# msw logo where to start

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```					MSW Logo - Where to Start
Novices can start in LOGO without having to program at all by just learning how to command the
turtle. Learning turtle graphics will teach the user about geometry (and they won't even know it).
It's amazing how soon you can introduce the concept of programming once they grasp the turtle
concept. Let’s look at some simple examples:

Draw a square using the turtle

FORWARD 100
RIGHT 90
FORWARD 100
RIGHT 90
FORWARD 100

RIGHT 90
FORWARD 100
RIGHT 90

That was easy but too much typing, let's try again.

REPEAT 4 [FD 100 RT 90]

That's it? Yes, that's the same square. We did two things. We noticed too much redundant code in
our first example, so we asked logo to repeat the same sequence 4 times. We also used
abbreviated forms of the same commands. But we can still do better. A square is a popular item
wouldn't you say? Wouldn't it be more useful just to say square when you wanted a square?

EDIT "SQUARE
<Editor will pop up>
TO SQUARE
REPEAT 4 [FD 100 RT 90]
END
<Exit Editor and save>

Type         SQUARE

What's the TO and END for? It's to define a procedure (a small program) for the square. The TO
can be thought of as "to do something", the END terminates the TO. Once square was "defined"
we then called it twice. That's all you need to get a square now, just type square. There is a
problem, however. It only draws squares of 100 by 100. Wouldn't it be better to draw any size
square? It sure would and it's easy.

EDIT " SQUARE

TO SQUARE :length
REPEAT 4 [FD :length RT 90]
END

SQUARE 100
SQUARE 200
Note all we did is replace 100 with a variable name called :length. Now when we call square we
must specify how big we want it. Above we asked logo to draw one square at 100x100 and
another at 200x200. Note the ":" in front of the word length tells logo that length is a variable.
However, we can still even do better. What's wrong now, you ask. Well, wouldn't it be better if we
could draw something other than a square, like a triangle?

TO TRIANGLE :length
REPEAT 3 [FD :length RT 120]
END

TO SQUARE :length
REPEAT 4 [FD :length RT 90]
END

TO PENTAGON :length
REPEAT 5 [FD :length RT 72]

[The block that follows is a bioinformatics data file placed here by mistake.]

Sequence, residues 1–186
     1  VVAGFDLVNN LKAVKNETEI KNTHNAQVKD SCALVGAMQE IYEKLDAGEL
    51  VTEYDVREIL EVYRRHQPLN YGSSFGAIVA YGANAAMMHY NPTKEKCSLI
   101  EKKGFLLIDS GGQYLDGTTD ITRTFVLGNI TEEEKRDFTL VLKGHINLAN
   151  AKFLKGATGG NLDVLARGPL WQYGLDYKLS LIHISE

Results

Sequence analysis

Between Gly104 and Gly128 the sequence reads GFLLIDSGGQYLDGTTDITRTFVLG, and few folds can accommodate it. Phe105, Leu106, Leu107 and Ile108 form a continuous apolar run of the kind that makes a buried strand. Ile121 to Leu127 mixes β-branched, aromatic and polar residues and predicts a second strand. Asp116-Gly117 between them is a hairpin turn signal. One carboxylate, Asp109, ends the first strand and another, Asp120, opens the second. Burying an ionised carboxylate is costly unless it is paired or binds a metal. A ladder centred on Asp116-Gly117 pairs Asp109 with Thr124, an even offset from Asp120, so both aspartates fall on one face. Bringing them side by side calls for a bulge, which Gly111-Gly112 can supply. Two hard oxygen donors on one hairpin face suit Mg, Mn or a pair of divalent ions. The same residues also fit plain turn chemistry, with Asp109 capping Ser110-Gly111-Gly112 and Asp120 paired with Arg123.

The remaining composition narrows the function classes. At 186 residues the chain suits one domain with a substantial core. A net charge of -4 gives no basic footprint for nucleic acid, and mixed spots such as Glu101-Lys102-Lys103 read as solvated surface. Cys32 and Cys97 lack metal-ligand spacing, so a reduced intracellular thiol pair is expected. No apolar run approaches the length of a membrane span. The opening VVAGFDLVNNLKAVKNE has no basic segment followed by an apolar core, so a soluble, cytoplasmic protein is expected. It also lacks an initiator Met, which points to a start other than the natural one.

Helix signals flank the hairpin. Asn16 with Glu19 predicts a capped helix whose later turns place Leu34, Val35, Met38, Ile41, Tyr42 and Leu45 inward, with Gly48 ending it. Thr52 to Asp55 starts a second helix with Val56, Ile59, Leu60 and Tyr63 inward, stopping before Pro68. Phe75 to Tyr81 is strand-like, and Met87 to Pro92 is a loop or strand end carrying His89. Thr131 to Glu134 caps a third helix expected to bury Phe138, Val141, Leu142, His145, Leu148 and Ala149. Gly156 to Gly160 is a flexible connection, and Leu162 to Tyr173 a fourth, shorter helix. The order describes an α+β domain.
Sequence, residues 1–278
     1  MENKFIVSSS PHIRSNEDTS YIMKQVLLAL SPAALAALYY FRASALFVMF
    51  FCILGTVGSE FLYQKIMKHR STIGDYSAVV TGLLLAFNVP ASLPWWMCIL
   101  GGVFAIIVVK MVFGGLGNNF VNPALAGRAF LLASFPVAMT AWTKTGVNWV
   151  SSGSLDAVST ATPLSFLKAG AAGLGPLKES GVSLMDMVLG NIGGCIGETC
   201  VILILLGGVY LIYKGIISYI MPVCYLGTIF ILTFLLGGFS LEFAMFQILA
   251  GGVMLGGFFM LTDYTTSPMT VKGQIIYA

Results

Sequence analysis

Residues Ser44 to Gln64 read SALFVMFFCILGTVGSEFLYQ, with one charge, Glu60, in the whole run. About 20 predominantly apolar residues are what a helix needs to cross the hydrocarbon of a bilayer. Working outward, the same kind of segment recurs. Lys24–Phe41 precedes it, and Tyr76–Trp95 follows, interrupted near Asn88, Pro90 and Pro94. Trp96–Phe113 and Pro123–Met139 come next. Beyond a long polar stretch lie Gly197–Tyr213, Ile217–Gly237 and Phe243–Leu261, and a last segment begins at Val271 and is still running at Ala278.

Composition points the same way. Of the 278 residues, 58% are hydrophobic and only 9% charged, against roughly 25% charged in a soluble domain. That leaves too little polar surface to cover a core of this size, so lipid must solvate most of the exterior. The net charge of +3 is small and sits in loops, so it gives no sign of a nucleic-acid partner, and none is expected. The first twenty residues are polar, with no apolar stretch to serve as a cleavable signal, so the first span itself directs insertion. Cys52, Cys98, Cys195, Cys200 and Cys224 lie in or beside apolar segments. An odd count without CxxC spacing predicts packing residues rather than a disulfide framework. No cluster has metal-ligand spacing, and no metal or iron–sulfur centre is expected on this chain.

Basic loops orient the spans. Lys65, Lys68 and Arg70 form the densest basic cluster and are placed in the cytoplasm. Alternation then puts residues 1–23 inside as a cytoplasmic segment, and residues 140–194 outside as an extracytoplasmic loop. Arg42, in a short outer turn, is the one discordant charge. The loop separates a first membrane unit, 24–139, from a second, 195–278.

END

TRIANGLE 100
SQUARE 100
HEXAGON 100

Lot of typing (programmers hate to type). Why? Because there are more things to break and
when a change needs to be made it might have to be made in many places. Smaller is not always
better but it usually helps. Let’s try again.

TO POLYGON :length :sides

REPEAT :sides [FD :length RT 360/:sides]
END

POLYGON 100 3
POLYGON 100 4
POLYGON 100 5

What happened to TRIANGLE, SQUARE and HEXAGON? POLYGON now acts as every equal-
sided polygon possible and with only one line of code! We now repeat the sequence based on
how many :sides the caller asked for and we turn (RT) the amount of degrees appropriate for that
shape. You may not realize it but this is PROGRAMMING.
MS LOGO COMMANDS

Command             Abbreviation Action
Forward             FD          Forward 100 - moves the turtle forward 100 units
Back                BK          Back 50 - moves the turtle back 50 units
Right               RT          Right 45 - turns the turtle 45 degrees to the right
Left                LT          Left 90 - turns the turtle 90 degrees to the left
Home                            Returns the turtle to its origin
ClearSceen          CS          ClearSceen - Erases the screen
Use the repeat command to programme more succinctly
Repeat
e.g. repeat 4 [FD 100 RT 90]
Opens the Editor window and either loads an existing
EDIT "<procedure>   None
<procedure>, or starts a new procedure.
Opens the Editor window and loads ALL procedures in the
EDALL               None
current session.
Saves the current session to disk using the name entered
SAVE "<fileName>    None
as :<fileName>
PenUp               PU          Lifts the pen as the turtle moves. The turtle stops drawing.
PenDown             PD          The turtle continues to draw as it moves.
Changes the pencolor. eg SETPENCOLOR [255 0 0] =
SETPENCOLOR [Red,
none          Red, SETPENCOLOR [0 255 0] = Green,
Green, Blue]
SETPENCOLOR [0 0 255] = Blue

```
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 views: 463 posted: 2/25/2010 language: English pages: 3